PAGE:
“When I think about the peace I have here, it’s as though I feel the presence of angels. Not like a personal encounter, more like my house is a very spiritual place. Visitors sometimes comment on this when they enter my home.”

The house is filled with paintings and pottery. Some of her favorite paintings are colorful, cartoon-like pieces by the renowned Chapel Hill artist Jane Filer, like the one that fills a wall in the dining area. “I actually went to her home to meet her as she was painting it,” says Frye. “I got into her art a longtime ago and bought a few pieces. She’s a very interesting, incredibly wonderful woman and I love her work.”

An expansive painting by Asheville artist Larry Gray hangs near the front door. Gray is nationally recognized for his sweeping, atmospheric vistas, with hints of the land as the quietest component. In the library is a figured-maple sideboard that’s been in her collection for almost 30 years. Crafted by David Pike, a traditional woodworker from Ula, N.C., Pike also made thefloor lamp that illuminates  the edge of her kitchen.

“I have always liked art and design,” she reflects. “When I was little and visited friends, I always loved to see how others lived just to know what was out there. I’ve always been intrigued by people’s lifestyles.”

“I think that the culture of Southern Pines is really lovely, she says. “All the new people that have moved here have added a nice diversity. It’s been interesting, working in a public place, getting to talk with them. Especially the young mothers, a lot of them come to store with their children.”

For Frye, growing up in Southern Pines was very laid-back. It was a little bit of a hippie culture then, everybody just having a good time. “It’s peaceful and loving and connected with people looking out for each,” she says. “I still have fond memories, like sitting by a lake listening to live music – there was music everywhere. It was just a very fun and safe place to be.”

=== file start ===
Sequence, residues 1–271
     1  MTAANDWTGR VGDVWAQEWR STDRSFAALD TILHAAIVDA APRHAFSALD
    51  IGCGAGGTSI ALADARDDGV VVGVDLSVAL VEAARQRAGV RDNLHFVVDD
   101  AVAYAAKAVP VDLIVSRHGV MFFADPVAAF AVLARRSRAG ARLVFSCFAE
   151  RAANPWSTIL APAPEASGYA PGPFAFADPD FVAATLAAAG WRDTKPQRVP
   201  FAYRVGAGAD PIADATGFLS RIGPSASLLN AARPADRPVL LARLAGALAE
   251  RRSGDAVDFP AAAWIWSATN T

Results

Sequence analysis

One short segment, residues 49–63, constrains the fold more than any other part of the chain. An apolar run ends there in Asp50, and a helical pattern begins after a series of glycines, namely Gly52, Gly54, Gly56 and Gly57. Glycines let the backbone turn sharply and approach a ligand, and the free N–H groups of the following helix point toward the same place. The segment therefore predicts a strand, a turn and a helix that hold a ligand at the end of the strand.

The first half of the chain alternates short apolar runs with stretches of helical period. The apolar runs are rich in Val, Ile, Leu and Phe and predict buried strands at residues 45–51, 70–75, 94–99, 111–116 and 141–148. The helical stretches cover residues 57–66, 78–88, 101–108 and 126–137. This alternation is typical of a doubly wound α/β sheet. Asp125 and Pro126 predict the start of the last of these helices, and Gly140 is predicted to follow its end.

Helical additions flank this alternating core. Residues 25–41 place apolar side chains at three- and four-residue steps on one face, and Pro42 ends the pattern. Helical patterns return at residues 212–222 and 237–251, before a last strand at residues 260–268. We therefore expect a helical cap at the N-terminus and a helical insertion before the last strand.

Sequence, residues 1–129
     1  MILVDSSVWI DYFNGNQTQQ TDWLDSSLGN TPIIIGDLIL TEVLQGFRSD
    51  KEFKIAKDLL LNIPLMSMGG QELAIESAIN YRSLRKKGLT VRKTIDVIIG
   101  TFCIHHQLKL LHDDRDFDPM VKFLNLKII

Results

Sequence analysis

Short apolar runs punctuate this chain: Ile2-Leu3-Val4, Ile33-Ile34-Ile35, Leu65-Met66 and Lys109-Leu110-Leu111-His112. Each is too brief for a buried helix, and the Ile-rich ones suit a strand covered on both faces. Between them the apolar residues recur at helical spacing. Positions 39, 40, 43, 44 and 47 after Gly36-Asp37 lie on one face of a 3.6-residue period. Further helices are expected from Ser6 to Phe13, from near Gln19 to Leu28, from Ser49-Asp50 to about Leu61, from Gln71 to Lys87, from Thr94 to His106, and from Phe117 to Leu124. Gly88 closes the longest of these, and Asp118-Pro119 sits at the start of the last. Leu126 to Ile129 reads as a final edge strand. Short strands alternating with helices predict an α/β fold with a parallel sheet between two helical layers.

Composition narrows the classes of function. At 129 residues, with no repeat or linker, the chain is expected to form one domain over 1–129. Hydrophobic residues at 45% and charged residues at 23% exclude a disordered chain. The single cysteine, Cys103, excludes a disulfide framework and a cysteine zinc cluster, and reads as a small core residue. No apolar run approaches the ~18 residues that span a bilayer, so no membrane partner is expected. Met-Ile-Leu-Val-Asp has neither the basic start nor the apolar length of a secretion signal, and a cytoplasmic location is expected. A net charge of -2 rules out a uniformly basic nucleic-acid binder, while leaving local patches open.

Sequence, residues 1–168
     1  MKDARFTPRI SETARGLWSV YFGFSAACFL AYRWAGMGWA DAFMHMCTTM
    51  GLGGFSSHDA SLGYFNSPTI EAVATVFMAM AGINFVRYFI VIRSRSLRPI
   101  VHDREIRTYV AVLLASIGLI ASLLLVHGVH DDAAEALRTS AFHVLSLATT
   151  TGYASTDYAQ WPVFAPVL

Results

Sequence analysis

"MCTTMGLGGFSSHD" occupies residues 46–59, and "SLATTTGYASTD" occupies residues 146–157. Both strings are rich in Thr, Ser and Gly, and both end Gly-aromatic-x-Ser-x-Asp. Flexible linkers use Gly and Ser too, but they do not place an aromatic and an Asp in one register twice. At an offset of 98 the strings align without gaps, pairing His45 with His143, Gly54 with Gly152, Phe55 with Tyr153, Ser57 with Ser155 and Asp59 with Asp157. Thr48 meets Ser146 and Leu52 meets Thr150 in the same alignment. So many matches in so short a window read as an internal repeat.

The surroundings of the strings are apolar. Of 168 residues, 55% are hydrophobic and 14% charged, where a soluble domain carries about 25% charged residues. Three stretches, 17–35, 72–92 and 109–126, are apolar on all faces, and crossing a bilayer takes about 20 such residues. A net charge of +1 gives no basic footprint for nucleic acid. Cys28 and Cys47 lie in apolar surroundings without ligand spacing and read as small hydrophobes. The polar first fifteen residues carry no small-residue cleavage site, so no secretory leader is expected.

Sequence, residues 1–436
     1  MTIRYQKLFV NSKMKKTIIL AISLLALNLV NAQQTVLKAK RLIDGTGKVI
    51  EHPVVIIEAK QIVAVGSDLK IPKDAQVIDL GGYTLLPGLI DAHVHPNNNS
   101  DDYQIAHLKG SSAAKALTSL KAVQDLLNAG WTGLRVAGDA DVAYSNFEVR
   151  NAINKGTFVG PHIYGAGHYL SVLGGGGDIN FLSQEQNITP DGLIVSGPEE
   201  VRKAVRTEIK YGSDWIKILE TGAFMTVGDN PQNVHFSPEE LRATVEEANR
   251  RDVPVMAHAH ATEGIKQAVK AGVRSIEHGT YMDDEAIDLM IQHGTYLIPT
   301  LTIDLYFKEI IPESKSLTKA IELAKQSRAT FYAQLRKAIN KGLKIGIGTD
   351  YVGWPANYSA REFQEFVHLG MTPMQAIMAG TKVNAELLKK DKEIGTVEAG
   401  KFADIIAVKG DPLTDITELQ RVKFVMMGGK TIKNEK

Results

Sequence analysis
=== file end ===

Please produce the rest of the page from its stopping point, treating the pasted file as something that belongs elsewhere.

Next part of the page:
She was introduced to health and nutrition through a magazine article in 11th or 12th grade. It was about various vitamins and all they did for you, health-wise, for energy and the nervous system. Later, she met her first husband and his mother, Flora Goneau, who knew everything about nutrition. “I was so intrigued and fascinated by her wisdom,” says Frye. “She really opened the door and that was it for me.”

“Once I got into this lifestyle, I knew this is what I wanted to do and I’m really grateful. I can say from the bottom of my heart that I’ve never worked a day in my life. When I go to work, it’s not like work at all. I just love it, and I’ve been in business nearly 35 years.”

“I’m a homebody,” say Frye. “I’d be perfectly okay living here forever, being close by my family. My children send me pictures of houses in Southern Pines, and they’d love for me to live there. I don’t see myself moving – this is home.”